With his bow tie, unfailingly polite questions and calm demeanor, Justice John Paul Stevens appears to be an unlikely revolutionary. But in the past decade, he led an effort that overhauled key elements of the criminal justice system.

It began in 2000 with his majority opinion in Apprendi v. New Jersey, holding that due process required that any fact increasing the penalty for a crime above the prescribed statutory maximum must be proved to the jury beyond a reasonable doubt. And it culminated with U.S. v. Booker in 2005 in which Stevens dismantled the mandatory character of federal sentencing guidelines. In the process, he put together an unusual coalition, finding key support from justices Antonin Scalia and Clarence Thomas.

An overriding concern for due process — fairness — in the criminal justice system was the driving force behind his views in Apprendi. It also animated Stevens’ rulings in two other keys areas of criminal law that will be major parts of his legacy — the death penalty and the right to counsel.

“I think for Justice Stevens his sentencing opinions are part and parcel of his due process principles,” said sentencing scholar Douglas Berman of Ohio State University Michael E. Moritz College of Law. “For him, this has always been about defendants’ rights, not the formality of jury trials. If you read Apprendi, you get the sense that, in order to get Thomas and Scalia to come along, he threw the Sixth Amendment into the mix.

“That leads me to believe part of making this revolution happen was not just writing the opinion in Apprendi but understanding he wouldn’t get five votes just on due process. It was the jury trial right that Scalia waxed about, and that would be the hook for the broader principle,” Berman said. “That was Stevens’ genius.”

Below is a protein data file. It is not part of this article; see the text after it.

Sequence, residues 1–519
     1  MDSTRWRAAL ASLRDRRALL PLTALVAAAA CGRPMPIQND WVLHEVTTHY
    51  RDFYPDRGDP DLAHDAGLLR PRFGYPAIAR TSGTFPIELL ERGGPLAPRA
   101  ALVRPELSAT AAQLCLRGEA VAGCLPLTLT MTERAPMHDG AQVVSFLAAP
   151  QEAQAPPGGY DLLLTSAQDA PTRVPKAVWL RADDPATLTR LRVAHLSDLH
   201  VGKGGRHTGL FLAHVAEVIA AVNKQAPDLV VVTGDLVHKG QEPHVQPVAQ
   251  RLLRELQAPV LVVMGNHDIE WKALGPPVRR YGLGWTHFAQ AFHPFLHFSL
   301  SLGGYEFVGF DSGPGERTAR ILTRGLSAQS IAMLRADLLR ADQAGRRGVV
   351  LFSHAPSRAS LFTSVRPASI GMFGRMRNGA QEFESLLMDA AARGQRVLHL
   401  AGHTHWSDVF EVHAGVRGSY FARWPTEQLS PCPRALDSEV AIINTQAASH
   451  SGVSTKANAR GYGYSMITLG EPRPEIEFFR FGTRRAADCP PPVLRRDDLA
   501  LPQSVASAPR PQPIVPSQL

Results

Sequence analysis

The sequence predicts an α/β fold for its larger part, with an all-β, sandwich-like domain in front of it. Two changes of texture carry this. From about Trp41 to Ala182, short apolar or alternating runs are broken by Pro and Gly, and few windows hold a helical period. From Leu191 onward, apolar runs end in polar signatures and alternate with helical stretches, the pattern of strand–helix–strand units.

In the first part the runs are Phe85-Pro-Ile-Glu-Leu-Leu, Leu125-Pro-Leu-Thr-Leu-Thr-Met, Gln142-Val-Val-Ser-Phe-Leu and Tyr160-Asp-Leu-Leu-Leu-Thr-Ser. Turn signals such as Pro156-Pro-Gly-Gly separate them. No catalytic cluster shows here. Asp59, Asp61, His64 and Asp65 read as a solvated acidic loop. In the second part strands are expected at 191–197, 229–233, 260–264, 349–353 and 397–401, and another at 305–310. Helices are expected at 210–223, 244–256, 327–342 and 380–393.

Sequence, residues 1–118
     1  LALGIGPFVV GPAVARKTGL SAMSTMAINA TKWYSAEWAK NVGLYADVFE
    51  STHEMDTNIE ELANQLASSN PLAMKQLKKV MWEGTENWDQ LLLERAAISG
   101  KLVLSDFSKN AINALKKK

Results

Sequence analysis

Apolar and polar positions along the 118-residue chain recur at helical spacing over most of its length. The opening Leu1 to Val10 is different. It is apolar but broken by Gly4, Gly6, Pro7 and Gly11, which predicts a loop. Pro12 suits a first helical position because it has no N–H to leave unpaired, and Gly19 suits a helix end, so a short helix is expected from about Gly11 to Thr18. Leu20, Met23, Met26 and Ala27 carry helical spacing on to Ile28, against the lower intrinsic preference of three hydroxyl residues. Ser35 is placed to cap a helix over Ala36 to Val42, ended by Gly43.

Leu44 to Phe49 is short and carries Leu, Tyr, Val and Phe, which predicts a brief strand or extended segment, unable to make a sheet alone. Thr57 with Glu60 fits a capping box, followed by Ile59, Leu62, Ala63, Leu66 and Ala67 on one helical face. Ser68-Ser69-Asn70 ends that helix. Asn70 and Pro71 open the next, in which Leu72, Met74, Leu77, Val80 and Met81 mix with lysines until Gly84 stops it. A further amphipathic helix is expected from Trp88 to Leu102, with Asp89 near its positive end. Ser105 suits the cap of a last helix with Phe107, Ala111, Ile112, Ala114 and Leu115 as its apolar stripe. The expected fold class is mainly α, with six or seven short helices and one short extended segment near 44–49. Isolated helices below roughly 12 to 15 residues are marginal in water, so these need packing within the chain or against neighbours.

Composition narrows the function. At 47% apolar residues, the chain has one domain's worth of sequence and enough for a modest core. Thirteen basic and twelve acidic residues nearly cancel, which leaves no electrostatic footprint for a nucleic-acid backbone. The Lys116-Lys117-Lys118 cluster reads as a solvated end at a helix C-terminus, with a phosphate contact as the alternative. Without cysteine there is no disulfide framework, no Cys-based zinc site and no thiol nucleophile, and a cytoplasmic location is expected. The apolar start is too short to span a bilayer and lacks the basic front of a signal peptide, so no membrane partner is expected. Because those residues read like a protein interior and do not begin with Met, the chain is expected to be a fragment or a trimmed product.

The seeds of this sentencing shift were sown much earlier by Stevens, according to some criminal law scholars. Berman traces it to Stevens’ important vote in the Gregg cases — a trio of decisions in 1976 reinstating the death penalty in Georgia, Texas and Florida.

“He is among the majority suggesting that if we add some law to capital sentencing, we may get to a point where it is done well enough,” Berman said. “They in some sense presage the efforts he’s made to bring more law to noncapital sentences.”

James Liebman of Columbia Law School and Lawrence Marshall of Stan­ford Law School, both former Stevens clerks, have described the justice’s approach to the death penalty as “less is better.” In Thompson v. Oklahoma (1988) and Atkins v. Virginia (2002), he wrote majority opinions striking down capital punishment for those below age 15 and for mentally retarded persons. He also is credited with being particularly influential in Roper v. Simmons (2005), written by Justice Anthony Kennedy, eliminating the death penalty for persons under 18.

“In Baze v. Rees, he makes the full Blackmun-esque journey,” said criminal justice scholar Christopher Smith of Michigan State University, referring to Stevens’ 2008 concurrence in that lethal-injection challenge. Stevens concludes that the death penalty “with such negligible returns to the state” is unconstitutional. Justices Harry Blackmun and Powell, both supportive like Stevens of the death penalty in 1976, ultimately changed their view.

Stevens often held criminal defense lawyers to a higher standard of competency than the Court’s conservative majority in recent years, but he succeeded in moving the law on the right to counsel in the current term with his majority opinion in Padilla v. Kentucky. He held that defense counsel has an affirmative duty to inform a client that a plea may carry a risk of deportation.

“Much of what he has done is be a voice and conscience as opposed to defining what the law will be for the nation in these areas,” Smith said, “and I don’t see anyone else playing that role.”

Marcia Coyle can be contacted at mcoyle@alm.com.